But wait: perhaps that is too simplistic an answer.  Perhaps the game is still on.

The Republicans – the party of the right – are beginning the new century doing a very good impression of a movement utterly blown to bits.   Their only response to the financial crisis has been to demand lower taxes and less regulation. Their problem is that America is a more complex place now.  That self reliance stuff is still big, and certainly chimes with Americans’ image of themselves.  But it is not enough.

It turns out (as evidenced by the result of the last presidential election) that Americans, including many who live comfortably in Miami, rather like being looked after, at least a teensy bit,  from cradle to grave.   They even like the government doing it, though they cannot bring themselves quite to admit it. They like state run pensions and medical care for elderly people.  And at the other end of life one of the reasons why Asian-Americans (the fastest growing ethnic group) voted overwhelmingly for Obama seems to be their liking for the provision of an infrastructure of education from which their ambitious children can benefit. 

Triumph of the left?  No: but some ideas you might associate with the left are, perhaps surprisingly, the ideas of the immediate political  future in America.   No victory then, but not a total defeat either.  

Justin Webb presents the Today programme on Radio Four and was the BBC’s North America Editor. He is the author of Cheers America: How an Englishman Learned to Love America.

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Kevin Maguire

On the Left we fail to cheer victories with the enthusiasm shown for sell-outs, betrayals and defeats – real or imagined.

There’s an old trade union tale about a shop steward who goes to a branch meeting during a strike. “Brothers and sisters,” declares the shop steward, “our heroic solidarity has secured a vastly improved offer from the management. They have agreed under duress to double our wages, concede 10 weeks’ holiday a year and chop four days off the working week so we come in here only on Fridays.”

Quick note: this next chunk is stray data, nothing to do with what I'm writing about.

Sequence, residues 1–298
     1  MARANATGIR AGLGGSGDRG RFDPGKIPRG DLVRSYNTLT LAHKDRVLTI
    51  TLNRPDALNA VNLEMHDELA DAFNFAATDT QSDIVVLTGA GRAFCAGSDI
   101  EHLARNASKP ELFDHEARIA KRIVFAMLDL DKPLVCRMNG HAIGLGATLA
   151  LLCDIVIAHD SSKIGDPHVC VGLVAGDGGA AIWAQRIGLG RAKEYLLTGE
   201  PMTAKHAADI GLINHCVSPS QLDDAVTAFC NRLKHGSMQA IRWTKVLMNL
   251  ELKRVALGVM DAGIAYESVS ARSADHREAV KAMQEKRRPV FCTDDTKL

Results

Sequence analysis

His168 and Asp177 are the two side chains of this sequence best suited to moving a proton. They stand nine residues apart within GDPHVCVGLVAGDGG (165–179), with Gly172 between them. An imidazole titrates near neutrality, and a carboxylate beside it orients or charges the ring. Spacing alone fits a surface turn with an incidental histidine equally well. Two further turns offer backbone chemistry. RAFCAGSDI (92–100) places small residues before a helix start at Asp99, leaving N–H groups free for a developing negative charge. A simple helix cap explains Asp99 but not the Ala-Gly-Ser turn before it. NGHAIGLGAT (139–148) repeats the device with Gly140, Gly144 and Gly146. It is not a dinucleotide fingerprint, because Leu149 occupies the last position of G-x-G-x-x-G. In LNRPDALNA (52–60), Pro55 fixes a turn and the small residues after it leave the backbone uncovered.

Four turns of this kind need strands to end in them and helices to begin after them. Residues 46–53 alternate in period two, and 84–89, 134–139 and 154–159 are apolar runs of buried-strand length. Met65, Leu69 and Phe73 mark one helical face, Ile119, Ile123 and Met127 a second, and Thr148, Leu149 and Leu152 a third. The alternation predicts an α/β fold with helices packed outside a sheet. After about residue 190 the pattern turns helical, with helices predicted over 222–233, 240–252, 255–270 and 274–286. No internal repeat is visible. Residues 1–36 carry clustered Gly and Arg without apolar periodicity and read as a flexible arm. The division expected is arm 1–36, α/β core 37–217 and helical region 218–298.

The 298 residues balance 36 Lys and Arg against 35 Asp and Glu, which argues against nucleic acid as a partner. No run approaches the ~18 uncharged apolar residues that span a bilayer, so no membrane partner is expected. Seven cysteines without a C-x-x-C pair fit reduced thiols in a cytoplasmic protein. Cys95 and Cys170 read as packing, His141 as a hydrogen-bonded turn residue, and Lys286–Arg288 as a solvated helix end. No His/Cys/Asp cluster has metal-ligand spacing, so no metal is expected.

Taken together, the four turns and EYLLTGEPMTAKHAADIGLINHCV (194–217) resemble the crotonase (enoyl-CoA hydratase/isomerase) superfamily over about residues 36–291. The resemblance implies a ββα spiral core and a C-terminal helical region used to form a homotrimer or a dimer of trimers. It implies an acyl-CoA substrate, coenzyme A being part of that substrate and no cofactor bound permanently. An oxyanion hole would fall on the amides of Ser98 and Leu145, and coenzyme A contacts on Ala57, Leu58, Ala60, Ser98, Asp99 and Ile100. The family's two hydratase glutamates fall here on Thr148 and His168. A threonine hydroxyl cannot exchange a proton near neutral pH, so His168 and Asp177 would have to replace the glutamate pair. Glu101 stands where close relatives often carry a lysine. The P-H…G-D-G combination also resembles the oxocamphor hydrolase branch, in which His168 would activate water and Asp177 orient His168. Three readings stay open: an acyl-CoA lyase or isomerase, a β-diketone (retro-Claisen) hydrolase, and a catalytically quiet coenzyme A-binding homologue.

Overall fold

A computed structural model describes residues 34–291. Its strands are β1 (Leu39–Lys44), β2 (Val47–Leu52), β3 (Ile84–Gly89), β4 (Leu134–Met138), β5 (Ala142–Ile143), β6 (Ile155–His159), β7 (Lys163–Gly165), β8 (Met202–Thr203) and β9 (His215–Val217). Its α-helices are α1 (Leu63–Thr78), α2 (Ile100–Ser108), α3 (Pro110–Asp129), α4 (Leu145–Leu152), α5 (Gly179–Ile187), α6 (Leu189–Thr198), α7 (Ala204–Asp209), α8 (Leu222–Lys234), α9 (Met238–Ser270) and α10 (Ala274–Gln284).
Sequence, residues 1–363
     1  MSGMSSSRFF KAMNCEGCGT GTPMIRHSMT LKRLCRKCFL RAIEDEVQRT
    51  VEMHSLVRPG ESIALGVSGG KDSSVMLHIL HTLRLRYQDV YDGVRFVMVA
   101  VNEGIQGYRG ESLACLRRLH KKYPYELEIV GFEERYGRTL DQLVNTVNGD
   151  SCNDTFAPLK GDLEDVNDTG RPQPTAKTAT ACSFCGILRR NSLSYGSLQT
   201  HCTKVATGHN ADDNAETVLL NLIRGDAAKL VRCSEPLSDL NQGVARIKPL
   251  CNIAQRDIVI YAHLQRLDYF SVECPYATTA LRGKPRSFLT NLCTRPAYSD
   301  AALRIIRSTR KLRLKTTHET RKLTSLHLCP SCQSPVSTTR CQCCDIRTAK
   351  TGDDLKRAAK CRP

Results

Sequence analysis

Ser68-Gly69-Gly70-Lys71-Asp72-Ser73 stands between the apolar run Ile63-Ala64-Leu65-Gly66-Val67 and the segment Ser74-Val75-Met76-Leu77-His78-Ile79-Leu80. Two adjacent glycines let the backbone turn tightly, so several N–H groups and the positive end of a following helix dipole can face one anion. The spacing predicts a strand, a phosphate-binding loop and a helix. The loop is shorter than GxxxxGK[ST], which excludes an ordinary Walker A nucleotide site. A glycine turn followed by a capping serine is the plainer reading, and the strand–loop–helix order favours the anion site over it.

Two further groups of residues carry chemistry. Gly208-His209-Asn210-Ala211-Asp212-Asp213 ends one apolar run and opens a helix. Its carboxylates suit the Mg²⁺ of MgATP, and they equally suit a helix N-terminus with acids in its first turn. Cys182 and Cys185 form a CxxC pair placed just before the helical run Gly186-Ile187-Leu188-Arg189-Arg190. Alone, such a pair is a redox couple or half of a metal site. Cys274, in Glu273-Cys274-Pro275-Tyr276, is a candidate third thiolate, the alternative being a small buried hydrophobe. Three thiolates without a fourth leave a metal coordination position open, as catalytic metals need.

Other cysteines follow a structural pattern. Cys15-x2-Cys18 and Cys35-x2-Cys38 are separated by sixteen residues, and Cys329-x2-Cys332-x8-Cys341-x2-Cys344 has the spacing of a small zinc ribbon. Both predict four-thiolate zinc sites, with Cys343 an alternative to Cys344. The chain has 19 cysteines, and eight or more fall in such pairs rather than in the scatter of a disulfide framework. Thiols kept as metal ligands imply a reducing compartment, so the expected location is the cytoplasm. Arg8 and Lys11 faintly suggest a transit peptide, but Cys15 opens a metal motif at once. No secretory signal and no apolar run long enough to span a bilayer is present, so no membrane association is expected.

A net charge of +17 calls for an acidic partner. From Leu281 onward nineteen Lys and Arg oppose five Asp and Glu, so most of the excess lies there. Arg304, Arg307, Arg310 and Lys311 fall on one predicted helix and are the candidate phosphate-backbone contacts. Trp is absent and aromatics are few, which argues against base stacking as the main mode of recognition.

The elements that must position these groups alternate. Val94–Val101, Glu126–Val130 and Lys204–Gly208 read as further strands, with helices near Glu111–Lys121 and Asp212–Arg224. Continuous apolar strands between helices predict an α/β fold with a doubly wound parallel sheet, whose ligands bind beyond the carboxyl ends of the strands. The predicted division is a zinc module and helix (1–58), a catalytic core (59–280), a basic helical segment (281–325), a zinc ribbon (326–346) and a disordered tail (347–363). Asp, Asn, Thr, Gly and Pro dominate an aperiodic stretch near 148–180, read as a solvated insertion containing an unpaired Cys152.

Satisfied with the outcome of the negotiations, the shop steward looks around the room and asks for questions or points of information. A worker at the back puts up her hand. “Yes, sister,” says the shop steward, “what would you like to know?”

“Do we have to work EVERY Friday?” she asks.

The story is probably apocryphal yet contains an essential truth about how much of the Left searches for the dark cloud around every silver lining. Progressives did win the last Century despite the horrors of the 1930s, Thatcherism and the ConDemNation.

It was far from total victory, and gains are being rolled back alarmingly by the current Conservative-Liberal Democrat coalition. But the 100 years slipping into history was better than the previous hundred, or any period before that, for the Left.

Substantial progress was made on jobs, living standards, respect, education and health. Britain is no socialist nirvana. Probably never will be in my lifetime. The Left, however, can be quietly satisfied overall.

Kevin Maguire is associate editor (politics) of the Daily Mirror

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Lisa Nandy

Unquestionably, there were huge advances for the Left and the British people over the 20th century. The spirit of solidarity that helped create (and sustain) national insurance, extension of the franchise, the NHS, the welfare state, workplace rights, comprehensive education and a sense of internationalism was effective and important, both within and beyond the UK.